Andrew Kreps, New York, USA
How exactly is one supposed to go about writing a damning review of an exhibition by Cary Leibowitz? The fact that the artist’s entire creative persona has long been predicated on the idea of acting like a loser’s loser would seem to deflect any negative comment, to constitute the perfect defence mechanism. Does it make any sense, for example, to suggest that he isn’t as good at being bad as he used to be? Leibowitz, along with Mike Kelley, Sean Landers and others, first garnered widespread attention as an example of the American abject or slacker tendency of the early 1990s. But the artist formerly known as Candy Ass now worries that he may have lost the self-loathing necessary to put on a sufficiently self-deprecating display, admitting that ‘having a show every six or seven years is a lot of pressure’.
Leibowitz’s paintings have a bold, cartoon-like quality. Cheerful ice-cream colours are combined with the kind of childish lettering that graphic designers use when attempting to create an effect of studied ineptitude. Here the paintings were hung with highly visible and unnecessarily large nails. Even the invitation for the opening was produced, with apparent haste, in the style of a photocopied yard sale flyer, complete with tear-off strips and a silly pun on the director’s name (Andrew’s Crepes + Art Gallery). The whole enterprise exuded cuteness and, while Leibowitz knows that he may never win our adoration, he is more than ready to accept our pity.
Stop Copying Me (all works 2001) is a row of small pink panels, each one mimicking the words of the title, apart from two in the middle which ask ‘Do these pants make me look Jewish?’. The scenario is that of the playground bully or annoying sibling targeting any point of potential insecurity for want of anything better to do. Of course there is a knowing artiness about the work too; repetition and seriality used to be serious formal issues before this guy came along. A similar note is struck by Hi Fatty ... Hi, in which an orange rectangle and a beige disc exchange greetings, the words of the title rendered across the middle of each in an attractive shade of purple. Remove the text and you have a serious Minimalist abstraction. Stick with it and you have something more reminiscent of Sigmar Polke’s Higher Beings Command: Paint the Top Right Corner Black (1969), in which a similarly sparse composition is ironically explained away via a sarcastic allusion to mysticism.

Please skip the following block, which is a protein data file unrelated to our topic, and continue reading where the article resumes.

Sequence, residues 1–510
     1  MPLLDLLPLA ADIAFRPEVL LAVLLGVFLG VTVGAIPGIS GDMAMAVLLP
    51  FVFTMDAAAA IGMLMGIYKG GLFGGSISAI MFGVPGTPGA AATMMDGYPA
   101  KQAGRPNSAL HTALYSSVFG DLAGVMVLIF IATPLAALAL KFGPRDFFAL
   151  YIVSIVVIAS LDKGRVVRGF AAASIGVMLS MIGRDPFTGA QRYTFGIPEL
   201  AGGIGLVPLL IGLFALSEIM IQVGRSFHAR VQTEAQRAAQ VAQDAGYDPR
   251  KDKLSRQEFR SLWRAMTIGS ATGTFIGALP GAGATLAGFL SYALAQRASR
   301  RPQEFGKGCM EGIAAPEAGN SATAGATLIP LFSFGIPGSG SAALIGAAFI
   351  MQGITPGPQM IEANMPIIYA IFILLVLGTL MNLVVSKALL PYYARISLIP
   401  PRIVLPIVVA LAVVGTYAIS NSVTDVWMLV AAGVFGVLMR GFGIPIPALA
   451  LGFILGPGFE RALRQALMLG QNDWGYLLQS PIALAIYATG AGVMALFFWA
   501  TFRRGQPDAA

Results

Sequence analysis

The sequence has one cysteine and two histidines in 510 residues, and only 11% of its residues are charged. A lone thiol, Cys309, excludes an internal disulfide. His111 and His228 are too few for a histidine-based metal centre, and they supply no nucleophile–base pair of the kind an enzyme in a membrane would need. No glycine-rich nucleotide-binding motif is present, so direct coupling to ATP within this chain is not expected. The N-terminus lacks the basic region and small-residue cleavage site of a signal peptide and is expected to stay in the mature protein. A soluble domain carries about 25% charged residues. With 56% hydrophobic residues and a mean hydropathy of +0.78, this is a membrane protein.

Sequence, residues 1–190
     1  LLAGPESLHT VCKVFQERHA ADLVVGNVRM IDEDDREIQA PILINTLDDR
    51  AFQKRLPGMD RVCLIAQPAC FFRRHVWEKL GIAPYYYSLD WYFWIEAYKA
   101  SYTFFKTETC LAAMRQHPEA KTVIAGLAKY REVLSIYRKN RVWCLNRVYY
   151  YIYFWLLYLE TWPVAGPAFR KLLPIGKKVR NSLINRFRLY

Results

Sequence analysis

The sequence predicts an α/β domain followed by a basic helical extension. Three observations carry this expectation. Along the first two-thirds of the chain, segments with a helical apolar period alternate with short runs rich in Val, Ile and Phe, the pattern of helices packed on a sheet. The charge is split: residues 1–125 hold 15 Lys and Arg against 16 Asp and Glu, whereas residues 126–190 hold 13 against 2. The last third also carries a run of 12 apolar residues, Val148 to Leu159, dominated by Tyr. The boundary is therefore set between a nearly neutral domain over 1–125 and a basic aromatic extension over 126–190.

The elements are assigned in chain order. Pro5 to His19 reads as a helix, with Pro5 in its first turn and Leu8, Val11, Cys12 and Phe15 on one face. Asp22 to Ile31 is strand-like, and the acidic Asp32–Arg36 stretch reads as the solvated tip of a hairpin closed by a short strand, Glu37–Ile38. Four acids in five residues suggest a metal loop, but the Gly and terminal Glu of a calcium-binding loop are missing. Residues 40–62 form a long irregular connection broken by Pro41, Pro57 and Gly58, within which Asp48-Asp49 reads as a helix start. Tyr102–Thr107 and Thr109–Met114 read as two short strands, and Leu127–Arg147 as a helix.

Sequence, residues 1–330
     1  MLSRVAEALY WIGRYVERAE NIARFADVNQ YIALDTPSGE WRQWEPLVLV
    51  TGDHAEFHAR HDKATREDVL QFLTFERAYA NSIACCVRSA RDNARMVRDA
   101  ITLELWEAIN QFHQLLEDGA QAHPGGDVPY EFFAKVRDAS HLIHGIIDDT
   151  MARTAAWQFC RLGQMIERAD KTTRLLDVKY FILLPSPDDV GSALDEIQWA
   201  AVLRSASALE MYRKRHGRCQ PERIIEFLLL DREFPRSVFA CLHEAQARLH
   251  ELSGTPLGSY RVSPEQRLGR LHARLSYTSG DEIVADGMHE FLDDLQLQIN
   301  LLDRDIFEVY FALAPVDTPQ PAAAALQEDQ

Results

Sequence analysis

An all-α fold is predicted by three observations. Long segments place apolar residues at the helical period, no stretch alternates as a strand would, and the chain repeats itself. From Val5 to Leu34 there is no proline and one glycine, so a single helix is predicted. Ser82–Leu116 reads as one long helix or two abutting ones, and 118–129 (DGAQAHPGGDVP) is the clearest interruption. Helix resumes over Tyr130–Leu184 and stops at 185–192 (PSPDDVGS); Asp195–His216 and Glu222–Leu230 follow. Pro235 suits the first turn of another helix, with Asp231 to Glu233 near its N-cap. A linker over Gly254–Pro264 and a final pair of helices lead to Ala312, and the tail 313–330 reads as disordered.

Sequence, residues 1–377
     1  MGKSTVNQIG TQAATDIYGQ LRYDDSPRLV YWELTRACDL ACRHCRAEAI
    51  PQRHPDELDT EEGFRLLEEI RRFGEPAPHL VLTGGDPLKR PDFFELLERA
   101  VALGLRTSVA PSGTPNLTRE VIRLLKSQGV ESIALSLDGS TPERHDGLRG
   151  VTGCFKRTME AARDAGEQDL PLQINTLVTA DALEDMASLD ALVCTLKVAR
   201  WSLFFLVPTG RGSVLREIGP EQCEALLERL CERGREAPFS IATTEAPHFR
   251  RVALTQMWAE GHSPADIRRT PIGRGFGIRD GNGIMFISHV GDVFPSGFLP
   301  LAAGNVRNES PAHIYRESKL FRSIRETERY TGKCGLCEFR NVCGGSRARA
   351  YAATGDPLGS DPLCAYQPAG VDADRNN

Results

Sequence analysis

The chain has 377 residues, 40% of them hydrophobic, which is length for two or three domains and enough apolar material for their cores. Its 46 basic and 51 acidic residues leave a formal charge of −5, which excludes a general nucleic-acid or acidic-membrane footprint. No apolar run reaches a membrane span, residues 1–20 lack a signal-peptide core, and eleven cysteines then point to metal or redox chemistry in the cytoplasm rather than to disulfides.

Leibowitz’s petty squabble (one hesitates to call it an argument) about the vocabulary and function of painting continues with a series of panels incorporating a variety of cut-out sections. Painting Without a Soul has a round void at its centre, while Painting Without any Reasons is missing four horizontal lines, representing the text of an absent explanation. Painting Without a Heart has had a pastry-cutter version of that particular organ stamped out of its right side, while Painting Without a Perspective lacks four diagonals that point from each corner to a vanishing point somewhere in the centre. Painting With No Way Out, Painting With a Way Out consists of two panels, one of which has a brass doorknob attached. Again Leibowitz reduces the essentials of image making and the ongoing debate about its demise to a collection of self-consciously dumb wisecracks. It’s a healthy enough response every now and then, but one can’t help wondering how long it will be before Leibowitz paints himself into a corner. Of course, this is a predicament he might enjoy more than most.
In the centre of the gallery is a supermarket-like display of Leibowitz’s editioned Garbage Can and Umbrella Stand. Both items bear the image of the artist as a portly adolescent on the occasion of his Bar Mitzvah in 1976. The legend ‘Gain! Wait! Now!’ is emblazoned on each in ornate fairground-style lettering. This, he says, is ‘very much in keeping with my long-standing history of wanting/needing/hoping/praying for things to improve in my own impatient way’. Leibowitz is nothing if not consistent. A decade ago he complained that ‘I feel like I’m a victim of everything’; now, on the occasion of his ninth solo show in New York, he seems to be a little more accepting but no less pessimistic, and perhaps with good reason. The original context for his work has since been so thoroughly absorbed into the contemporary aesthetic sensibility that his simple variations on a theme feel inadequate for all the wrong reasons.